• Reader

    Brooklyn has other contra-flow lanes. There’s one by Park Circle that leads people from Prospect Park to Ocean Parkway. Plaza Street has a two-way lane on a one-way (for drivers) street.

  • That doesnt look so great. Theyre removing an existing bike lane and making it a sharrow, and adding the contraflow lane.

    Why not remove one of the parking sides and make it a real 2-way bike path?

    Especially because the PDF shows them adding so many new parking spaces elsewhere.

  • J

    Good point!

  • J

    Legalized salmoning is the status quo in many European cities, providing direct routes for cyclists but not for cars. I literally picked the first one-way street I could find in Amsterdam. The sign translates to “do not enter, except bicycles”. It’s also a 30 kph (20mph) zone, with a narrow width to ensure that low speed. I should mention that this is much narrower than Jay St, but it also likely has a much lower volume of cars.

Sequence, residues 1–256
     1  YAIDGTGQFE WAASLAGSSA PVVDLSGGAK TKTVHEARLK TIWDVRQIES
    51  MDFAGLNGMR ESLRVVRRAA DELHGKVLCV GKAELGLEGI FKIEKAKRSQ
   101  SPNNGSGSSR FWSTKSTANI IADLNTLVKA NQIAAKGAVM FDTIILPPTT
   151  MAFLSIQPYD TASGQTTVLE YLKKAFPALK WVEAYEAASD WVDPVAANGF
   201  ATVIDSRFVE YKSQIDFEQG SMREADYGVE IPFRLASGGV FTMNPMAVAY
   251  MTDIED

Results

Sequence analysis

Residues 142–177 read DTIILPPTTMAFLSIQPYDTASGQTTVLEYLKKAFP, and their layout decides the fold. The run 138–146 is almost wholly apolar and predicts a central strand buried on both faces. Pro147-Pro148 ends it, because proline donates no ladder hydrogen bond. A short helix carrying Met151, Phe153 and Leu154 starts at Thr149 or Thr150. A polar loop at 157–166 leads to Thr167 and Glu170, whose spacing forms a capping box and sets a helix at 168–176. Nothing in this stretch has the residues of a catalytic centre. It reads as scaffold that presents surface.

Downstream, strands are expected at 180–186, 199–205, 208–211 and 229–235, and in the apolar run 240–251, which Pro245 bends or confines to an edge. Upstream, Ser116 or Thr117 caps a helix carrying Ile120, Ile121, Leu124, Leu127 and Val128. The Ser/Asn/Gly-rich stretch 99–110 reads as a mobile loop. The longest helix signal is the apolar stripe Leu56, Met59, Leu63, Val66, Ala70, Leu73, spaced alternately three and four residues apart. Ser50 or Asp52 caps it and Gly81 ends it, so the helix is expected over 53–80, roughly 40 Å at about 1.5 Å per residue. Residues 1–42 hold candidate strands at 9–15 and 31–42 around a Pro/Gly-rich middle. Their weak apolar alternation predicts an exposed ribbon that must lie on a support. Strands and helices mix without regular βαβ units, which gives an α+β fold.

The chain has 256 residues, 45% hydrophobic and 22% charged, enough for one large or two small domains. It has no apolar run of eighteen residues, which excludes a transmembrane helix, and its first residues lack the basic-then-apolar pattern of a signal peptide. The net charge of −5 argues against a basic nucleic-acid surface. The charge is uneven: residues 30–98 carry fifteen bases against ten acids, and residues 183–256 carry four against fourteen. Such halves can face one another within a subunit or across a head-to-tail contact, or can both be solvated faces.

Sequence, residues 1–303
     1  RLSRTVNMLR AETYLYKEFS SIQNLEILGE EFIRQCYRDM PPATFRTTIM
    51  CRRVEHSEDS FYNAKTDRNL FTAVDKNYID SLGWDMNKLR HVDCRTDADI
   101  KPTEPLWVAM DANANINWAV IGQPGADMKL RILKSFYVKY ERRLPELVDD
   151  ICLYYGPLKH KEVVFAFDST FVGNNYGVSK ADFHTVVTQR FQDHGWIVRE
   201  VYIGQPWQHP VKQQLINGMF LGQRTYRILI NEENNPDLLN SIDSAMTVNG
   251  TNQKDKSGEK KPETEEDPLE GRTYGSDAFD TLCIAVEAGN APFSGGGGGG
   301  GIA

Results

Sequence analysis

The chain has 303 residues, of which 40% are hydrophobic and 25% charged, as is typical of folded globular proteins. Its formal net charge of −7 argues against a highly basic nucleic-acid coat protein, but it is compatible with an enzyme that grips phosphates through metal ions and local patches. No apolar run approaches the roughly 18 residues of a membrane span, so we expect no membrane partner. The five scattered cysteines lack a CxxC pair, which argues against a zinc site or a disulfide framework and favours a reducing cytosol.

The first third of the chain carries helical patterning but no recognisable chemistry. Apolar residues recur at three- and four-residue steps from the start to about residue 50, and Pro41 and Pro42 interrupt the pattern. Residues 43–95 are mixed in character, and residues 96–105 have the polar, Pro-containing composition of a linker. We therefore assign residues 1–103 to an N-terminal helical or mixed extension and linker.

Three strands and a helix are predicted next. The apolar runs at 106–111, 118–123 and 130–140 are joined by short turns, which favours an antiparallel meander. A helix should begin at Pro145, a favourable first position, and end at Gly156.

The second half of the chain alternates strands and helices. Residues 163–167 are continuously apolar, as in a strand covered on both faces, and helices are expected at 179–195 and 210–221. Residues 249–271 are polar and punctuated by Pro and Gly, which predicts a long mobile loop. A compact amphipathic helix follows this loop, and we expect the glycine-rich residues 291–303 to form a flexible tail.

http://goo.gl/maps/nGJBx

  • millerstephen

    Thanks Reader. This point was brought up on Twitter, but I’m sticking by the description since the Park Circle/Ocean Parkway connection and the Plaza Street lane are bidirectional unprotected lanes. (Also of note: Kent Avenue and PPW are both bidirectional, though protected.) Since the design for Jay Street is so much like the one implemented on Union Street, I’ll keep the “Brooklyn’s second contraflow bike lane” descriptor. https://twitter.com/psneighbors/status/560489668656246784

  • D’BlahZero

    “Why not remove one of the parking sides?” I’d say, you’re not from around here, but I’m guessing you are. This DOT *remove* parking for bike infrastructure, prolly not(tenberg).

  • Moncada’s Codpiece

    Everything is a war on cars, even with parking. How could one even get to the parking if they can’t cruise at highway speeds on city streets?